As a last resort, Carusone picks up the phone. "It's my least flattering method of persuasion," he says -- a strange admission, considering that he has eight years of competitive debate experience, including in major national and international tournaments. (Much of that experience came during his four years at Chaminade High School, the same private all-boys Catholic school from which Beck's Fox News colleague Bill O'Reilly graduated.)
The first major victory for the StopBeck campaign came last August, when an executive from Kraft Foods posted the following statement directly on Carusone's site: "We have a longstanding policy not to advertise on programs with extreme or inflammatory content on any network. In recent years, there has been a proliferation of shows with extreme content, including on the political front. These shows often are controversial and do not align with our company or brand values. We do not want to become associated with controversy simply because of the placement of a 30-second spot." Dumbfounded, Carusone confirmed the statement's authenticity with Kraft before spreading the news.
But it hasn't always been so easy; some of Beck's sponsors have remained impervious to Carusone's prodding. 1-800-PetMeds offered a boilerplate rejection letter. ServPro, a company that repairs fire and water damage, stated that it offers an important service that must reach the widest possible audience. And some of his victories have been short-lived: Nutrisystem recently reversed its decision to withdraw its advertising from Beck, and the company has even gone so far as to block Carusone on Twitter so that he can no longer pester its representatives with direct messages.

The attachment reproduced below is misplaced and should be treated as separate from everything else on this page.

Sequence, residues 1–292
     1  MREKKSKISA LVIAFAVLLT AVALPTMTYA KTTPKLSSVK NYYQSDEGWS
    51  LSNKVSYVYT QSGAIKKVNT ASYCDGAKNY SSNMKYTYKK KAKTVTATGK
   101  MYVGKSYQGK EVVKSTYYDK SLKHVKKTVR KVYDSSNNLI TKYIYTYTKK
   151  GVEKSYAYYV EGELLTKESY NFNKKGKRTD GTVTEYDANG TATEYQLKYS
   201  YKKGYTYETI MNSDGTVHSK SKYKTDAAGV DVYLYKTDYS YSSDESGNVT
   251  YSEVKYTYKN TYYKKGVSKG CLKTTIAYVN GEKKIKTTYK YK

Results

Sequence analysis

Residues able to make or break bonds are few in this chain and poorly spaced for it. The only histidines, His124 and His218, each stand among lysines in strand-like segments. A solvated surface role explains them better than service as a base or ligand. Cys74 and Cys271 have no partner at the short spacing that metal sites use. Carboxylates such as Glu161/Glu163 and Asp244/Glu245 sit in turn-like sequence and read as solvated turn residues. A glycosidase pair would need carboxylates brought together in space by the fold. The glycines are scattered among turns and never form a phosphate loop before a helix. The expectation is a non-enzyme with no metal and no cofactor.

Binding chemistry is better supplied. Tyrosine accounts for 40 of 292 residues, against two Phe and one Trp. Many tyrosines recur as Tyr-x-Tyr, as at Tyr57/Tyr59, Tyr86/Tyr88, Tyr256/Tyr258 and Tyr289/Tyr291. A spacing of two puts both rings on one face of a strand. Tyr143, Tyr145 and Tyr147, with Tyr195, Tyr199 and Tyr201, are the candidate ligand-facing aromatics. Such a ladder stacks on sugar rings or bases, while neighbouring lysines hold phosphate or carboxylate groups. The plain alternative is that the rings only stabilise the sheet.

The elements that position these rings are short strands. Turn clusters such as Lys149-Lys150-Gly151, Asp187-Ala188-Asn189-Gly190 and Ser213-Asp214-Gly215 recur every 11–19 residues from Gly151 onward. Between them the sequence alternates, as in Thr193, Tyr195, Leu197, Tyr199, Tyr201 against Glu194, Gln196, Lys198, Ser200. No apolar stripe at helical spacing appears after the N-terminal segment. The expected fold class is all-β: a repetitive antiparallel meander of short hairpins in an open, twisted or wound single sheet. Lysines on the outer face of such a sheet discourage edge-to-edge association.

All in all, however, Carusone's effort has been a resounding success: So far approximately 320 companies have agreed not to support Glenn Beck with their ad dollars. (Nearly two-thirds of them have chosen to remain anonymous, presumably for fear of retaliation from Beck's legions of passionate fans).
Part of that success can be chalked up to good timing. Carusone launched the campaign just a few weeks before Beck made perhaps his most outrageous comment to date, accusing President Obama of being "a racist" who "has a deep-seated hatred for white people or the white culture." The African-American advocacy group ColorOfChange.org promptly created their own campaign, a partnership that Carusone says "has been vital." Other advocacy groups have also contributed to the effort periodically, as their particular constituencies have found themselves in Beck's line of fire.
With StopBeck, Carusone tries to occupy the space between media-watchdog organizations (such as Media Matters for America) and issue-based activist groups (such as the Anti-Defamation League). He calls what he does "informed activism" -- that is, action backed by "informed commentary, not just tired slogans that are easy to brush off."
It's a formula that is well suited to Carusone's cause, according to Ari Rabin-Havt, vice president of research and communication at Media Matters, which has catalogued hundreds of examples of Beck's false and inflammatory statements. Carusone's approach "explicitly shows advertisers what they are supporting with their dollars," Rabin-Havt says.